As many of you have heard by now, Glenn Beck spoke at Liberty University last week (watch above, read here and here). He spoke at the final convocation meeting of the semester and delivered a rousing address invoking God and the Bible as the foundation for personal redemption and civic freedom. It was clearly not a secular address. It was a sermon that called for Liberty students to expect “miracles” and to witness “the awesome power of Jesus Christ and the God of Abraham, Isaac, and Jacob.”
Beck’s sermon invoked unity between his own faith and Liberty’s and downplayed differences. At one point during the message (14:37), Beck said this:
I share your faith. I am from a different denomination, and a denomination quite honestly that I’m sure can make many people at Liberty uncomfortable. I am a Mormon, but I share your faith in the atonement of the Savior Jesus Christ.
Beck also claimed to be worshiping the same God as the evangelical students assembled in the room. He said, “God is our God—the God of Abraham, Isaac, and Jacob.”
But there weren’t merely expressions of solidarity. Beck also invoked distinctive aspects of the Mormon faith. He told an emotional story about the “martyrdom” of Joseph Smith and how Smith stands as an example of how to “trust in the Lord” in the face of persecution. Joseph Smith is of course the great false teacher that founded Mormonism. Beck also mentioned the Grand Council. In Mormon theology, the Grand Council consists of gods over other planets who convened a meeting before the world began and decided who the savior of planet Earth would be. This teaching—along with Mormonism’s other well-known errors—is not merely outside the mainstream of Christianity. It is outside of Christianity.
Some will say that Beck’s error is mitigated by the setting of his sermon. This was, after all, a convocation meeting and not a chapel service. And Liberty intends for its convocation meeting to include a broad range of speakers from a variety of perspectives. In other words, the setting is more like Mars Hill and less like a church.
Nevertheless, that distinction seems like a facile one in this case. A quick look at Liberty’s convocation schedule reveals that the regular expectation for this meeting is Christian preaching. Yes, there is an occasional politician or public figure included. But even then, they tend to come from a Christian background and are not the type who would be advancing tenets of a non-Christian religions such as Mormonism. But even if we grant a distinction between convocation and a chapel service, we must question the wisdom of giving any platform to a false teacher without alerting students that they are in fact about to hear from a false teacher. Beck sermonized as if he were a Christian just like the Liberty students—just from a different denomination.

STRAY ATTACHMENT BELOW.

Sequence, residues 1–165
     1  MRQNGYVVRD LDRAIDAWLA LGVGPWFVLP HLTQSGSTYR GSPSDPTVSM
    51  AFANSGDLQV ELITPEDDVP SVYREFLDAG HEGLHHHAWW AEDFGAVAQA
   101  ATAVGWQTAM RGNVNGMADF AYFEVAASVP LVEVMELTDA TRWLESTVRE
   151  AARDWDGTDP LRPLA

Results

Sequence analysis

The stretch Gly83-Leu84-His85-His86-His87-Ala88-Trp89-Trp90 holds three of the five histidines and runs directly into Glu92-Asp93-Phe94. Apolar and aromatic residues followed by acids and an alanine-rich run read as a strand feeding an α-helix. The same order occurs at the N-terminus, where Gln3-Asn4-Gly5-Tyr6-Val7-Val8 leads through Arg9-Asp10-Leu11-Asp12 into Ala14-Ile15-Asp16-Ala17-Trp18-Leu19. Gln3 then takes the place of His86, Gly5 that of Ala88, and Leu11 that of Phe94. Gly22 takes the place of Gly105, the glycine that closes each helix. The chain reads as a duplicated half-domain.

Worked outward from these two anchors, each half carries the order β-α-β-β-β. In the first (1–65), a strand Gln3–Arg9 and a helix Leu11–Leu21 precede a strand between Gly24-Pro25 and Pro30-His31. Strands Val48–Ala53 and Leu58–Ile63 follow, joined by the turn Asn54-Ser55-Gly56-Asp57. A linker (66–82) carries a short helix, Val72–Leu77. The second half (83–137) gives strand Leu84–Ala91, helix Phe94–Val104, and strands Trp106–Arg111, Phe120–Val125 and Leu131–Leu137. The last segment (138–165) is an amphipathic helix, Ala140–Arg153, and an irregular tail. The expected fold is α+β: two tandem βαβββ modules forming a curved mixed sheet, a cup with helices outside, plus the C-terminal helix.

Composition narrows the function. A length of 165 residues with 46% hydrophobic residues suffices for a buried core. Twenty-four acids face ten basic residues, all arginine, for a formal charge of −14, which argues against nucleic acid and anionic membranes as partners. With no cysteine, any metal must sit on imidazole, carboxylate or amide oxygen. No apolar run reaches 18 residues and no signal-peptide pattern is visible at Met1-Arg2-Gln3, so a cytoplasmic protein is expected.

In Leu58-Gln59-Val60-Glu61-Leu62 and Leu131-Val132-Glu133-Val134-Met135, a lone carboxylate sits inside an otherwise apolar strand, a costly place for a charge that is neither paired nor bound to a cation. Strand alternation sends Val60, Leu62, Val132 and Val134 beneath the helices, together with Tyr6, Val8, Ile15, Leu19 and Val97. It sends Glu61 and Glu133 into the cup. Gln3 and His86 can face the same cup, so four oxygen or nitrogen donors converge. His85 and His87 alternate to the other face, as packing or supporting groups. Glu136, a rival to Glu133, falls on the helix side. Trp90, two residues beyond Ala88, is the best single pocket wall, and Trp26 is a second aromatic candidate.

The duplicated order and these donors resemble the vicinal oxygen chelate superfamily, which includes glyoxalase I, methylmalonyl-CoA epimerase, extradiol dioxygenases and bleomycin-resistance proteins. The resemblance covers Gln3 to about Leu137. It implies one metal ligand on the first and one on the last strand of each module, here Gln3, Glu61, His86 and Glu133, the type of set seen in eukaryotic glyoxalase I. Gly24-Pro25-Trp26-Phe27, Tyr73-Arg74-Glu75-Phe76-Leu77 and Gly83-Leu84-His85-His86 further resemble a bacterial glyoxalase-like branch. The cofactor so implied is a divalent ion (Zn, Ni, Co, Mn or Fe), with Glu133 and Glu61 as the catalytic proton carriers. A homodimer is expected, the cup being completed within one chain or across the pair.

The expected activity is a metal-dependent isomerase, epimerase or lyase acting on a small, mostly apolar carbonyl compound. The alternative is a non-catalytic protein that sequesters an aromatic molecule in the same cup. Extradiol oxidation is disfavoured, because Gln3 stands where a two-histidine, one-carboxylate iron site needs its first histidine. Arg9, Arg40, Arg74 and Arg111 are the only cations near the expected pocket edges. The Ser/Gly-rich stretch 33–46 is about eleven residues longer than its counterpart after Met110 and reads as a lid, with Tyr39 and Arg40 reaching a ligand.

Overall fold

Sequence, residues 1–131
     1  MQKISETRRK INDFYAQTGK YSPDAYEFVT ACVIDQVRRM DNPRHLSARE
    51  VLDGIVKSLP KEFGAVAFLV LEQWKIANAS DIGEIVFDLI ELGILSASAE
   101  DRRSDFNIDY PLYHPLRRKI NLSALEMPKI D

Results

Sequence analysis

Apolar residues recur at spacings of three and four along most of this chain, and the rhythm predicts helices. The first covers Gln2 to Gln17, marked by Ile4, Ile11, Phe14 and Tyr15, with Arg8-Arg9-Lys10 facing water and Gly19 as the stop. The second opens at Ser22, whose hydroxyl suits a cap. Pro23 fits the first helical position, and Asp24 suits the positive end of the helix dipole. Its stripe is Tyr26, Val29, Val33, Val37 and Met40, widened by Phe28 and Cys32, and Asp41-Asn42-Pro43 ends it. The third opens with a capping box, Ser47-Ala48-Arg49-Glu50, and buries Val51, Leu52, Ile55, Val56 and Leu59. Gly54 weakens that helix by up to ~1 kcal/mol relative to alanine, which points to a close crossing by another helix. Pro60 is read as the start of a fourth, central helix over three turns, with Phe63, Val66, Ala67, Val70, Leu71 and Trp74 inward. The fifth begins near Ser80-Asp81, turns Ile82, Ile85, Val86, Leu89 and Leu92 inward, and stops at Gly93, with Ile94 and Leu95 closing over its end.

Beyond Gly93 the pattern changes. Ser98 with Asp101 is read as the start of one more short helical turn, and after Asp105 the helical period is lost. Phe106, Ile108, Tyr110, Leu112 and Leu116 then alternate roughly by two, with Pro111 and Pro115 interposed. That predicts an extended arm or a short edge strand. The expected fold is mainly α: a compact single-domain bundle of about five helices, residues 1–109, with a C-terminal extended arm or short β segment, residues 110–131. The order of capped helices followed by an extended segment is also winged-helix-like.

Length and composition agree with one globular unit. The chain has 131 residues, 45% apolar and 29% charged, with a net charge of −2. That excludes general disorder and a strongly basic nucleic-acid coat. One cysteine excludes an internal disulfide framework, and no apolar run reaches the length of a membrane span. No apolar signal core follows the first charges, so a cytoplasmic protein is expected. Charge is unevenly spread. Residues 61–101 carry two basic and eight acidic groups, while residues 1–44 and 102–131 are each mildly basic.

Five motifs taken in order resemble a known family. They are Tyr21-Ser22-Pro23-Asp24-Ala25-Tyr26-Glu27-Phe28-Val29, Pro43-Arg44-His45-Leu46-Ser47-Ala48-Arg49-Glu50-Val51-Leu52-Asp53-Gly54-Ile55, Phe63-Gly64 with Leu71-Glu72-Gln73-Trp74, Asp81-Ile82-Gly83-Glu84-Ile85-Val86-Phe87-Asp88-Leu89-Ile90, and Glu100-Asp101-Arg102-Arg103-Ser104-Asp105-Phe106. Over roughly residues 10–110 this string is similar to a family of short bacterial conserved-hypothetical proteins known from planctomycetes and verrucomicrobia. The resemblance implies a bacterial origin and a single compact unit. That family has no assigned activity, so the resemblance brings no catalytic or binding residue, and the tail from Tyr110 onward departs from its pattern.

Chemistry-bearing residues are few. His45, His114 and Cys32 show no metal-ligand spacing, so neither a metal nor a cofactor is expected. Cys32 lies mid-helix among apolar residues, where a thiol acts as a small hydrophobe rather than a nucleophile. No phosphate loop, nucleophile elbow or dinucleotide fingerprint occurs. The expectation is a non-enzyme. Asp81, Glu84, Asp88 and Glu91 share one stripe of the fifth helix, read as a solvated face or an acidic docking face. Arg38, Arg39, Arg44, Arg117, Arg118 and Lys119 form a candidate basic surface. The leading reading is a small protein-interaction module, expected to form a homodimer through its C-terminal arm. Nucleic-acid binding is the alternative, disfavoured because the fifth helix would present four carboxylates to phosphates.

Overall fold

I don’t know why an evangelical school like Liberty would invite someone like Beck to deliver a message like he gave. I have had lots of friends from Liberty over the years. In the church where I serve now, we have had lots of Liberty graduates as members and one as a fellow pastor. I have friends who now work and teach at Liberty University. I know for a fact that none of them would recognize Glenn Beck’s faith as Christian. Liberty has always been a stalwart evangelical institution. So that is why Beck’s appearance last week is so perplexing.
I am viewing this as an outsider. Without a word of clarification from the university, I think Beck’s appearance in this context leaves one of two impressions:
1. That Mormonism is a Christian denomination with no essential theological differences from other evangelical denominations. Or,
2. That even though Mormonism is not a Christian denomination, Liberty’s agreement with Beck politically is more important than Liberty’s Christian distinctives. Political solidarity trumps Christian truth.
I hope neither of these impressions is correct. But without a clear word from the university, what’s to stop people from coming to either of those two conclusions?